New Zealanders share the best advice their mum gave them
One good mother is worth a hundred schoolmasters – or so said British poet George Herbert. So what’s the best advice your mum ever gave you? We asked some people who have featured in our stories as well as writers for our site to share motherly words of wisdom.
My mum isn’t really one for giving advice – she’s the peacekeeper in our family – but if actions speak louder than words, the thing my mother has shown me, consistently and constantly, is unconditional, nonjudgmental friendship. She doesn’t always take my side but she’s always available for a gossip and a giggle and a rant about the patriarchy!
My mother, Phyl, told me to always walk into a hotel as though you own it – even if you are not staying there. It’s held me in good stead all over the world. She didn’t have a pretentious bone in her body and couldn’t bear anyone who does – she just had an amazing balance of humility and style that made people warm to her immediately and admire her. No crazy diets or extreme behaviour she would say – all in moderation.
I spent my younger years in China and at this time my mother was a broadcaster following the Cultural Revolution. It was an exciting new time in China, with opportunities for creativity, entrepreneurship and technology that they hadn’t seen before. My mother was a talented performing artist and free-thinker. Working around strict government controls, she pioneered a new style of broadcasting that challenged convention.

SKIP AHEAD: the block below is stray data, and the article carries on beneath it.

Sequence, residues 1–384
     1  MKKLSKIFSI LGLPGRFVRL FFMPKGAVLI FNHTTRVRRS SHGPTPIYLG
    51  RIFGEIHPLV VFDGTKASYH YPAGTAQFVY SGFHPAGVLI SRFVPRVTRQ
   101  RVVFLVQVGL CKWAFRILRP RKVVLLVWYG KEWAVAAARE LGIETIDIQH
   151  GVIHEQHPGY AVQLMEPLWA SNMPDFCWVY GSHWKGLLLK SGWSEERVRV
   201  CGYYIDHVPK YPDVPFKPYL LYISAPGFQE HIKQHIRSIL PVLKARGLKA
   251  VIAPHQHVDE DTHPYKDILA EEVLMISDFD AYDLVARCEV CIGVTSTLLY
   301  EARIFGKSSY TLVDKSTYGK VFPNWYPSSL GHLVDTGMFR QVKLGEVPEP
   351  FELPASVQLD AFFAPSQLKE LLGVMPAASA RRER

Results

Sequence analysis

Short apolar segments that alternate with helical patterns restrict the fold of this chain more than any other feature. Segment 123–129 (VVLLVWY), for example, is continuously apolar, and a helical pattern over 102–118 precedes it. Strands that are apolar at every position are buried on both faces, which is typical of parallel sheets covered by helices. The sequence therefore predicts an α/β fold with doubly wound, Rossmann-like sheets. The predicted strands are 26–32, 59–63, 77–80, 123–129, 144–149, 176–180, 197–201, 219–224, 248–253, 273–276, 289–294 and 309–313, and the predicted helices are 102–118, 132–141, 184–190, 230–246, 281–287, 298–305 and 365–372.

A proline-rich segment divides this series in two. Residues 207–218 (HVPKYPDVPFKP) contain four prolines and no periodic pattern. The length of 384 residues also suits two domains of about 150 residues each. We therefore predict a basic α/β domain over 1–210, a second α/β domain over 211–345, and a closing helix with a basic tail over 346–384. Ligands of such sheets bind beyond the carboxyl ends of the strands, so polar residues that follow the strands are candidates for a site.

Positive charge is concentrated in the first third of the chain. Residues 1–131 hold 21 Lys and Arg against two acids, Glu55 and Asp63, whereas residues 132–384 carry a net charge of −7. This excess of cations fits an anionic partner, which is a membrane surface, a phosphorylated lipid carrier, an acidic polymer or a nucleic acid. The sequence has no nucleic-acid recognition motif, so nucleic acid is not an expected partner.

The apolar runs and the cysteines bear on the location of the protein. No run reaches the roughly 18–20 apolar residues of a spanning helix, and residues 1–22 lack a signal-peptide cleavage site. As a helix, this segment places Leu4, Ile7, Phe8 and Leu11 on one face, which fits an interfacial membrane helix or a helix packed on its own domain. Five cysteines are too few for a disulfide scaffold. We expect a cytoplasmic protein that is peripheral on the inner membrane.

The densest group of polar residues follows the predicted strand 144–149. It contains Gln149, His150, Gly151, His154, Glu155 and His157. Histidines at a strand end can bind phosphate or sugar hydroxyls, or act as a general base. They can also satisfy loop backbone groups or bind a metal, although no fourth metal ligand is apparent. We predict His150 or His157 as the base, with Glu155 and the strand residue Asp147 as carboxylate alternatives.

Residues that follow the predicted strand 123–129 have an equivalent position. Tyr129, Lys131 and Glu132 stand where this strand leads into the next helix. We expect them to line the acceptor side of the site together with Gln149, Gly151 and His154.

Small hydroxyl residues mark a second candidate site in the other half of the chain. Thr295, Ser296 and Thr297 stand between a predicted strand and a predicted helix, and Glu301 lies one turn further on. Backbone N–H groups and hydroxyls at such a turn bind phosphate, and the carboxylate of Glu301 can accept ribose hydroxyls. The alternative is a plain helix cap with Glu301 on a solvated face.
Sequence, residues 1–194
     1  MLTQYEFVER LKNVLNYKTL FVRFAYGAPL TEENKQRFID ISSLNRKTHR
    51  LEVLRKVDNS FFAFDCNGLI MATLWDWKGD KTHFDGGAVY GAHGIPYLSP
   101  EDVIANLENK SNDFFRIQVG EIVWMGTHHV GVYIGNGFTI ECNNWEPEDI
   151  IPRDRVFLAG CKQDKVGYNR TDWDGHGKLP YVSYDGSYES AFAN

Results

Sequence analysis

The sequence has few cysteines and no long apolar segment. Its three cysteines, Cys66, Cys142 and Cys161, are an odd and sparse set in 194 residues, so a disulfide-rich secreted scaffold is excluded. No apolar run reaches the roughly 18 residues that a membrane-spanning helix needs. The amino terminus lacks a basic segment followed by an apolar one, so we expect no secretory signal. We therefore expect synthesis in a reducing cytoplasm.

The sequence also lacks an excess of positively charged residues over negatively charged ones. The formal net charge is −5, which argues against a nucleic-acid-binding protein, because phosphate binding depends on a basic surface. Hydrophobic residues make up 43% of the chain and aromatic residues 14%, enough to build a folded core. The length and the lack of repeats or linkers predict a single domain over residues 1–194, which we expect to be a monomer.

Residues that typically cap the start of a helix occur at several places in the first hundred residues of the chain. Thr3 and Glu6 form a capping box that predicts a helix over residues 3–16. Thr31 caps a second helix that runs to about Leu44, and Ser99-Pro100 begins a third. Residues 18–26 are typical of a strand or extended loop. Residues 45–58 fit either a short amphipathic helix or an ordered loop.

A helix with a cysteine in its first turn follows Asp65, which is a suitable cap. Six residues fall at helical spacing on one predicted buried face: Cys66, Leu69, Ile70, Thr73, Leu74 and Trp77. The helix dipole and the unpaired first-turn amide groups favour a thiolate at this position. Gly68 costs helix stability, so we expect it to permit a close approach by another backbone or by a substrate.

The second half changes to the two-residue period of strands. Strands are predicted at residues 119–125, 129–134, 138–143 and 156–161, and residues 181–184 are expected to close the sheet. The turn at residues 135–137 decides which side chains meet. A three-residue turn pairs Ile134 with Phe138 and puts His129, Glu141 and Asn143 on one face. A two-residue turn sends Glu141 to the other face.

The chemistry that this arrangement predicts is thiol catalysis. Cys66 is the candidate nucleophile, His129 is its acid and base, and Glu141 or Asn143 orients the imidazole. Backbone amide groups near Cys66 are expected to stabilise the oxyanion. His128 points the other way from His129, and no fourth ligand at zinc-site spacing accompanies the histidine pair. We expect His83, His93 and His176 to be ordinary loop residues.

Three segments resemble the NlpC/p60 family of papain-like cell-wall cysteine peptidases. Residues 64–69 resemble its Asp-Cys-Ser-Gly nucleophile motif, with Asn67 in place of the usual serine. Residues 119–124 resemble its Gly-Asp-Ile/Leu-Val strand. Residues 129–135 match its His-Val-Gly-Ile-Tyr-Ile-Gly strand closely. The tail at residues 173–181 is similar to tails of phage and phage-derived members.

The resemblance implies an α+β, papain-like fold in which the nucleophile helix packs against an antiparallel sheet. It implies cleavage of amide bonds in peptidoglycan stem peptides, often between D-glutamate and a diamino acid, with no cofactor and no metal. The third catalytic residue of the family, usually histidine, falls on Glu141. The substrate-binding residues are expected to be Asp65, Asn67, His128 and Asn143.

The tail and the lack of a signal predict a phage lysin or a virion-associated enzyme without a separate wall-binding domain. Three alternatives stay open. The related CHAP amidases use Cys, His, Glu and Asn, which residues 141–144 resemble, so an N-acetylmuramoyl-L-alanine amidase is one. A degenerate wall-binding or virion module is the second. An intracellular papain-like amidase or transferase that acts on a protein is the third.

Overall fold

Through a combination of tenacity, vision, hard work and kindness, my mother founded a broadcasting empire that started with just five people and which today employs 10,000, broadcasting to 30 million people every day throughout regional China.
The dedication and resilience of my mother served as an inspiration to me as I grew up and culminated in the founding of my own dream in New Zealand – Crown Range Cellar.
Jing Song, Wine entrepreneur
My mother, Molly, doesn’t tell other people what to do. However, since she’s fighting fit and partying at 89, she must have a tip or two. If pushed, she might say: Eat lots of vegetables, pay your bills on time and keep your house at the top of its market value with fresh paint and a good garden. She might also say stay fit and don’t eat too much.
Mum was a firm believer in staying busy and if we didn’t find something to do, she’d find it for us – mostly chores. With a large family, she was also keen to get us out of the house as much as possible. She’d often say, “Go outside and play.” I didn’t need a second invitation. What was cool is that we had a big section so our place was often the scene of countless hours of cricket, rugby or hide-and-seek games. It was a great childhood.
My grandma, Nanna Mu, taught me that every day you should love what you do and love people. When I was 11 years old she showed me that a terrible day can turn into to a great day by helping other people. When working with her in our shop in Papatoetoe she told me we should do everything with love. When we polished the gifts, we should polish them with love. And when customers found the perfect gift, we should wrap it with love as well. She also taught me I was valuable and for that I’m very grateful. Thanks Nanna Mu, I miss you.